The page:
• Unfulfilled promise: While the Reds probably didn't expect much from their replacement-level stand-ins or young pitchers, the same is not true of a few regulars. Jay Bruce will play this season at age-29, yet he's played less like an in-his-prime middle-of-the-order bat than an enigmatic platoon player. Billy Hamilton, meanwhile, failed to make progress at the plate during his second full season. Both suffered through injuries that likely impacted their performances, but the Reds were justified if they wanted more production than they received.

Each of those is a standard, tried-and-true explanation for why a team fails to meet its expectations. The unique aspect to the Reds is they experienced all the above maladies, as opposed to just a few. Observant readers might wonder if the Reds' struggles have another special explanation: their division.

Scroll back to the table above and you'll notice that two other National League Central teams are listed as PECOTA "overachievers," while yet another ranked as an "underachiever." It's natural to wonder whether those designations are connected—do the Reds (and Brewers) look worse than they were relative to their expectations because they were bad when the rest of the division was good? On the flip side, do the Pirates and Cardinals look better because they cleaned up against weak teams? Basically, are we seeing skewed results from a division that featured more extreme results than the norm?

It's an interesting theory, but one the data doesn't support. The Reds went 19-19 against the Pirates and Cardinals in 2014, and 18-20 against them in 2015 (including a winning mark versus Pittsburgh). Granted, the Reds did go 6-13 last season against the Cubs, yet their overall winning percentage was higher against their divisional foes (.434) than everyone else (.360). The same was not true for the Brewers, but there's enough evidence abound to say this wasn't a big factor in the Reds' struggles.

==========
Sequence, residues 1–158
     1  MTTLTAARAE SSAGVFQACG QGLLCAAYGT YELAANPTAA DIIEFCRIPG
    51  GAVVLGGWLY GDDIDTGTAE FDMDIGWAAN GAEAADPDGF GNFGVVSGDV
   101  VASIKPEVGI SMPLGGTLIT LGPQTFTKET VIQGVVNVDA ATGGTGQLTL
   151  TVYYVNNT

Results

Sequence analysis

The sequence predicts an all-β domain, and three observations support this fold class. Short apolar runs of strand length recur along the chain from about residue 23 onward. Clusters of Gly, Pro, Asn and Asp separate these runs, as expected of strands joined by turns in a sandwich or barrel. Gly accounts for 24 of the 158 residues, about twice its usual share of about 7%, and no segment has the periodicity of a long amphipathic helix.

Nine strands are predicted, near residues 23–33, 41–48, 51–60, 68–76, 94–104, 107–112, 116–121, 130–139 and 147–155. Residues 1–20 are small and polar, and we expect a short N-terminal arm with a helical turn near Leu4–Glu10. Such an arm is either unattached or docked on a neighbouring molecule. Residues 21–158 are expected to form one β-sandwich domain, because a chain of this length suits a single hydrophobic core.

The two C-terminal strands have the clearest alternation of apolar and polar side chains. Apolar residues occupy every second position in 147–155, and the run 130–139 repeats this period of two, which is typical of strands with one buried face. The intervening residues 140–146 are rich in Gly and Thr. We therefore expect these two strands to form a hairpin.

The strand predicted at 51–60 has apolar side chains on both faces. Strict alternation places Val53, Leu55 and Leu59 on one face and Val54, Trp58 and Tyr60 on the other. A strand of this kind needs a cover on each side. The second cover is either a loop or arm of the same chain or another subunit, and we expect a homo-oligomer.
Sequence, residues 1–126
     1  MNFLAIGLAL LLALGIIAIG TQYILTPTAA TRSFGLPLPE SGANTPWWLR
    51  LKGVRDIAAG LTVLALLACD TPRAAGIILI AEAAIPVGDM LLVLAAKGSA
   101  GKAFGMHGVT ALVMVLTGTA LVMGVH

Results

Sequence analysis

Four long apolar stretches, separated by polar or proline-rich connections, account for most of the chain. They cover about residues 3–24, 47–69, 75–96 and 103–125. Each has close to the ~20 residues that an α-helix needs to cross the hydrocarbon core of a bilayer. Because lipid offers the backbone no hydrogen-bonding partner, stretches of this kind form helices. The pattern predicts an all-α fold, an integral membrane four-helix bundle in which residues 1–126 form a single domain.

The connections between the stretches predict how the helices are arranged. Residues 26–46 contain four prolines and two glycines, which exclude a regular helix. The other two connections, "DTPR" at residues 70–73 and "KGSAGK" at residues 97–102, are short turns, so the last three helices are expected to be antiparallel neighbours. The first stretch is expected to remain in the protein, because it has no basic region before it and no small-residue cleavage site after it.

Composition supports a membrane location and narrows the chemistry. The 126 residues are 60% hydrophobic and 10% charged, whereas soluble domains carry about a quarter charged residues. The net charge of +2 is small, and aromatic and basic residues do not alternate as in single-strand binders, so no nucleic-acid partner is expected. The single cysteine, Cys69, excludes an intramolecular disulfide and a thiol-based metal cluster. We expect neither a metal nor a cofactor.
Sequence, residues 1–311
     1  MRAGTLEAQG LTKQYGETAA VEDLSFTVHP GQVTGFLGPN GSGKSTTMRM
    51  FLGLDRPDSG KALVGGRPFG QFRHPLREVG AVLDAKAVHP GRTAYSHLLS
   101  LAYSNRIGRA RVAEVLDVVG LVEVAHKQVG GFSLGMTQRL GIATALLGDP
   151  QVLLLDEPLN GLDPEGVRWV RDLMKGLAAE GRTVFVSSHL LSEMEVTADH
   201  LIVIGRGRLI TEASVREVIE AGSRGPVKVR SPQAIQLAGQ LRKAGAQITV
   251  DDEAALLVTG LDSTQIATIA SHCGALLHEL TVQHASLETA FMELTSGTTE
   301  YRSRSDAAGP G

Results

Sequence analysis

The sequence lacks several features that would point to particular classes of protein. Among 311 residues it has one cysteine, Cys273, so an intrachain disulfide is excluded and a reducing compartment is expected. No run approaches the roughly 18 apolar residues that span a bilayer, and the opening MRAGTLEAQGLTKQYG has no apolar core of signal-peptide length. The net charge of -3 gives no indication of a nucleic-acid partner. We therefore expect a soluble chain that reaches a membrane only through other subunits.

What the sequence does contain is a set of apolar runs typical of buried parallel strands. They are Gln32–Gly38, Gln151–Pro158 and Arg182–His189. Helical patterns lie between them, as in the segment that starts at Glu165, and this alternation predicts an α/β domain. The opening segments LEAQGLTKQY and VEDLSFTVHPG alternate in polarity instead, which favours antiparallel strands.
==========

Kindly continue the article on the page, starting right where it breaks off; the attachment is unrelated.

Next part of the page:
Consider that a good sign if the Reds are to avoid disappointing PECOTA for a fourth season in a row. At the moment, that means notching at least 74 wins—a figure that seems plausible, given the Reds' rebuild is ahead of others occurring at the bottom of the National League. Yet if the past few seasons in Cincinnati have shown us anything, it's that the unexpected always seems to make the difference.

Thank you for reading

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I think where you use the 'transitive property' you technically want to say contrapositive.
This is totally anecdotal but it does seem like player development is a contributor the gap here. Again, totally anecdotal but of the five teams on the left I could easily name player developers/coaches that seem to have very good reputations for four of them (Yost, Larocque, Mirabelli, and Searage). They all have different jobs but they all seem to be considered at or near the top of their respective positions in the industry. When thinking of anecdotal reputations as team/player builders, Dusty Baker was a big elephant in the room on this article. Boston was the only team on the right hand side I could do the same for until I realized that Ben Cherington is gone. I'm sure opinions vary on all these names so please have at this assumption.
What interests me is the White Sox. They don't have the health or trades excuse. Plus they have Don Cooper who is known for getting the most out of pitchers. So what happened? Why did Adams Dunn and LaRoche stink? Why do their players not develop as predicted? In Chicago many would point the finger at Ventura. Can a manager cause underperformance at this level?